Lee’s Listening Stack: Bright Eyes – ‘The People’s Key’
The People’s Key
Once the precocious boy wonder, Conner Oberst has fostered his iconic indie reputation, branching off from the Bright Eyes branding and nurturing a solo career that suggested his original outfit has now become a thing of the past. But here we are, with a new Bright Eyes album and a stable line-up to boot. Once a sprawling communal congregation, it now boasts Oberst and longtime co-conspirators Nate Walcott and Mike Mogis as the anchors of a solid core line-up, while presiding over the usual cast of thousands. Still, stability hasn’t restrained Oberst in the least. Far from it in fact. The People’s Key is as odd and ambitious as anything in the band’s past canon, a weird and occasionally unwieldy parable that begins and ends with spoken weird sermons that preach a sort of doomsday –like spiel which demands to be deciphered. The music itself emphasizes atmospherics that wash over the melodies and relegate them to a cosmic sphere where robotic rhythms and techno tendencies often seem predominant.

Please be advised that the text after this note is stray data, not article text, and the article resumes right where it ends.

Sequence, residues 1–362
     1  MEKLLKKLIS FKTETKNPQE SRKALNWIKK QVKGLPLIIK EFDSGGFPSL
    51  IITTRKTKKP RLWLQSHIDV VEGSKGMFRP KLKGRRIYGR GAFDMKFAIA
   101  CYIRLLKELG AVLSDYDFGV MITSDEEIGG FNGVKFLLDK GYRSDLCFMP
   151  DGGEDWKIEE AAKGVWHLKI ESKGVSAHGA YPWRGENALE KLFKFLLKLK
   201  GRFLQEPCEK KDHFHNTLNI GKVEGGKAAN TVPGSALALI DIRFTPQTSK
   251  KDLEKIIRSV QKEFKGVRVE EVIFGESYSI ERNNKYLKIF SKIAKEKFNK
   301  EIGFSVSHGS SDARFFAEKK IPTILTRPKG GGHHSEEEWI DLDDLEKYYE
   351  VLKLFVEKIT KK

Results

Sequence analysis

Fortunately, all is not lost. “Jejune Stars,” and “Beginner’s Mind” exude enough energy to qualify them as reliable rockers, while “Triple Spiral” boasts a poppy effervescence that’s positively euphoric by Oberst’s usual standards. Those three songs alone make The People’s Key more than listenable and even alluring in places. Unfortunately, by the time one cuts through the clutter to seize on the more melodic aspects of the album, an alternate impression’s already been implanted. Consequently, it’s impossible to offer an initial verdict with only a cursory listen. The People’s Key has populist appeal, but only to a limited degree. – Lee Zimmerman
Lee Zimmerman is a contributor to a variety of publications, including Blurt, M Music & Musicians, New Times, Goldmine and Amplifier
This review appears courtesy of Amplifier, 50,000 Watts of Non-Stop Indie Rock